Biggest 2 pieces I wish I had received when I was at your stage:
1. Don't go on days when the wind is too light. I did this a lot at the beginning to be cautious. But you need wind to create power and learn! So yeah, don't go out on days when it is nuking, but don't bother with sub 15 mph days. It"s too little power to get out of the water, ride, hold and edge, go upwind...
2. Used kite prices and quality vary widely. I bought everything used and there is a healthy market for used gear in the area. But it's easy to overpay. I think the Caution kites out of Santa Cruz are a good benchmark. I've never used them, but people say good things about them and you can get a new bar and 2011 kite together for $800. I paid that much for a used kite 3 years old!! Remember, the bar and kite must be compatible (ie., from the same manufacturer), but you don't necessarily need a different bar for every kite. For this reason many people buy their kites all from the same manufacturer so they can just use 1 or 2 bars for the whole quiver.
Good luck. This sport is so fun, I really can't stop thinking about it lately.
Haha, kite whisperer.
But he speaks the truth. I find that the people who have excelled at this sport have truly enveloped themselves in it and I know you already are. To many, it's more of a religion than a sport. My happiness level is through the roof every time I get out with a kite whether it be riding, just body dragging (with an ocassional power stroke) or just flying a big trainer. Every session lately has been a breakthrough one and I've been smiling non-stop for days now.
Spend tons of time learning about problems people have encountered and how they solved them. That way once you get up on a board the question of "what now?" is much clearer.
I do have to give a warning regarding learning at 3rd. You have to follow the wind and the wind is there, but it's no Alameda beach and no place to start learning, it's where you continue learning. Once you've taken some lessons, they'll teach you all about self-rescue and get out and practice practice practice it. You can even do this on a windless day at Alameda. Winding up your lines correctly to keep tension on one line while you're being blown downwind is an imperative skill for 3rd. Getting up to your kite with a cleanly wound bar and sailing into shore will keep you from ending up in the San Mateo bridge and hopefully you make it in at lower launch or last chance beach cause those rocks can be expensive when you're trying to learn kiting on a budget.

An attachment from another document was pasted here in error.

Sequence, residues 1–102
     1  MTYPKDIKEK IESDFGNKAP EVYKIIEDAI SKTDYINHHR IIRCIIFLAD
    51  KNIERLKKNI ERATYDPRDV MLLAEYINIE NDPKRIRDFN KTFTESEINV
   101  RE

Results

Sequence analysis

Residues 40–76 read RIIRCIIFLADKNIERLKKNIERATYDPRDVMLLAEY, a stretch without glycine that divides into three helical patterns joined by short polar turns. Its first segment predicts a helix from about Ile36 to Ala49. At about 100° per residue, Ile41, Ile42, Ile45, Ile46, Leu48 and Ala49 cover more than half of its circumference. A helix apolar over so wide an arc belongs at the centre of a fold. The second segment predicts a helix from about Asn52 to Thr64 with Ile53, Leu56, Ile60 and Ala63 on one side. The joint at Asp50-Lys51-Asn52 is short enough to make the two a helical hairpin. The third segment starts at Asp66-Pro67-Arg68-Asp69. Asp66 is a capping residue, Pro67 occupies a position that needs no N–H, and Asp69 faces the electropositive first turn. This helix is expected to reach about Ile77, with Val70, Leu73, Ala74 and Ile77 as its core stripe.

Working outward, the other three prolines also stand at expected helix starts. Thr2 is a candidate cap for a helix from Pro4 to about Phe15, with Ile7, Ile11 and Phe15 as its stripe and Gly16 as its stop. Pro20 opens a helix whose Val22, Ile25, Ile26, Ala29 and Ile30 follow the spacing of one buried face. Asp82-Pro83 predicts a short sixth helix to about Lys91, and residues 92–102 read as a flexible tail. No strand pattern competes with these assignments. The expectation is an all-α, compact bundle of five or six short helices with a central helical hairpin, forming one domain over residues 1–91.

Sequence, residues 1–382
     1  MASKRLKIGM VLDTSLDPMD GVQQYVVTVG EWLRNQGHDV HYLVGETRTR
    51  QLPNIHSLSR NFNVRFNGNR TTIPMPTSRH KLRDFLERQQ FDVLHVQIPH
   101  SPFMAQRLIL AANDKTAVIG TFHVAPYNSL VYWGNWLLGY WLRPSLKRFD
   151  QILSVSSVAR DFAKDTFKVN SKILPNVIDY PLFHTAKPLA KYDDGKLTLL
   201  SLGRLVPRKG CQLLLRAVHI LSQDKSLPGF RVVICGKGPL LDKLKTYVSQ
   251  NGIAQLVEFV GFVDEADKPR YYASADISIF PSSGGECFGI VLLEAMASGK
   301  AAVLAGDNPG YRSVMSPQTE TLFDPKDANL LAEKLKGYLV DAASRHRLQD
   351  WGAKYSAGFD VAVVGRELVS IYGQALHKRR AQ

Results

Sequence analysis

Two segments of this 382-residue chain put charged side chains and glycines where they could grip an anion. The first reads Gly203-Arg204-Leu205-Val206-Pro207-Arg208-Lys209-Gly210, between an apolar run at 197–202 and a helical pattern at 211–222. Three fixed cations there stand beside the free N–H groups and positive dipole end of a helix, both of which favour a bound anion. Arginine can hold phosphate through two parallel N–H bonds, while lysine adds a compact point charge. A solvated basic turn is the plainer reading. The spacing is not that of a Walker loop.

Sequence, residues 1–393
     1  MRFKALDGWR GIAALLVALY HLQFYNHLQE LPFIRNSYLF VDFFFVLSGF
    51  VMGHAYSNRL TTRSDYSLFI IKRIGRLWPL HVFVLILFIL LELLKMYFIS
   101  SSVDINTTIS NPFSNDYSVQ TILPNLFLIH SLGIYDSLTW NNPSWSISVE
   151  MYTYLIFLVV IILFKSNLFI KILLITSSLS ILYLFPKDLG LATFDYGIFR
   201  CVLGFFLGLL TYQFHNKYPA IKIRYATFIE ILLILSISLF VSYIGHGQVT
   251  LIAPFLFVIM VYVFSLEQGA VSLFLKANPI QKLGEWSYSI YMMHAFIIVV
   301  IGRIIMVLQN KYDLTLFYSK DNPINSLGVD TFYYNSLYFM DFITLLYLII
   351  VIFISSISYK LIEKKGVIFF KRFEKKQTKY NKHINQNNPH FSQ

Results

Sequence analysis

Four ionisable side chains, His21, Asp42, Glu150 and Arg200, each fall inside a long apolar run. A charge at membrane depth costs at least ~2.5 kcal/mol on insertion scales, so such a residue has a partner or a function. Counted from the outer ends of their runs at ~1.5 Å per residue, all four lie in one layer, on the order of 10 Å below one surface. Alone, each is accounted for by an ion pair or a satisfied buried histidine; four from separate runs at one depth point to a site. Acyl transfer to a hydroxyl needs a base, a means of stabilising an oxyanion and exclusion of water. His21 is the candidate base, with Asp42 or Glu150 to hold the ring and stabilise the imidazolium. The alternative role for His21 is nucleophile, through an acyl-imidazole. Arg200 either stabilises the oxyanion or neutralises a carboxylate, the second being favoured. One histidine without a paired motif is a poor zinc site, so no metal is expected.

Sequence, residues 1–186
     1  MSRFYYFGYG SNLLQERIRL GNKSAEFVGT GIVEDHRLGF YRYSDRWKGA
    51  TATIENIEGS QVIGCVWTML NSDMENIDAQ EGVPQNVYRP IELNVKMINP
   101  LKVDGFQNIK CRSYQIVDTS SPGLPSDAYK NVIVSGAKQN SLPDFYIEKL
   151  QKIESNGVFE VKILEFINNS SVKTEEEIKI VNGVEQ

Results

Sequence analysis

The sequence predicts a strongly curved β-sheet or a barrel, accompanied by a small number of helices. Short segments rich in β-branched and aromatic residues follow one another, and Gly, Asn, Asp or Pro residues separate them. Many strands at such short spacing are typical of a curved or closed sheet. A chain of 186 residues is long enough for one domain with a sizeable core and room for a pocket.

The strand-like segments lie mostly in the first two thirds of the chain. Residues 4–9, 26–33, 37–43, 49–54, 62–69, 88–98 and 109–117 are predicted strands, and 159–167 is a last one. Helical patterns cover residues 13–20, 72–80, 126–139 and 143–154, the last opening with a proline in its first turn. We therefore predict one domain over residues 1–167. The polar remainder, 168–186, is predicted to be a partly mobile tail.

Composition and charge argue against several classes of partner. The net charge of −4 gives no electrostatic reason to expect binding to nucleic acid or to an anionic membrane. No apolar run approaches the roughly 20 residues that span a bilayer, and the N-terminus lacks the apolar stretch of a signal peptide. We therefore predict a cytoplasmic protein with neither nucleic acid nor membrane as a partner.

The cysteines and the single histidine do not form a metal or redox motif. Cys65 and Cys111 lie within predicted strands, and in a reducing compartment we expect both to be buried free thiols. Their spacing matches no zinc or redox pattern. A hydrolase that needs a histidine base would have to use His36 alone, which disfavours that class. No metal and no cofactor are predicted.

Trust me, we all want you out there riding with us and in different ways we deter and encourage. This sport is unforgiving when not taken seriously and the last thing we want is you to damage your equipment or yourself getting too ahead of yourself. We all encounter problems and having a fellow kiteboarder out there means another person able to help in an emergency situation. You're no good to us if you head to Ocean Beach before you know how to keep the kite up 100% of the time and a wave shreds it to pieces.
I already know you've got the mentality to be out in all the spots you want ride in no time, hopefully even this season. I can't even fathom how fun Ocean Beach will be when I reach that point since surfing was my original sport but it wouldn't be any fun now since I wouldn't even be able to get out with onshore winds.
Last edited by jwest21 on Thu May 10, 2012 10:16 am, edited 1 time in total.
Sold all my gear; ebbs and flows; see you next season.
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Start at Alameda. When you can get upwind you can do upper launch at third ave and self rescue at lower launch when you go out to light or full on flood. I started last year in june and got in a few 13M days at Alameda, then went to 3rd (where I learned how to self rescue and repair punctured bladders, watch those rocks!) then sherman and racetrack, then berkeley and marina bay.
I now run my 10M the most, don't like the 13M as much. When I started I was always on the 13M. So maybe start big and next season you'll pick up a 9 or 10?
Saw this and thought of you. Great older kite with good depower and safety for $300 with the bar. Not sure if you wanted to go back this many years or even pick up something a little bigger. I think an 8 and 11 would cover 90% of what you'll encounter here.
Also, this one: http://www.ikitesurf.com/classifieds.iws?db=kiteboards
A hell of a deal on a newer 9m/12m Caution quiver for less than $1000! I'm actually considering it. Caution kites are made for the waves if that's your ultimate goal.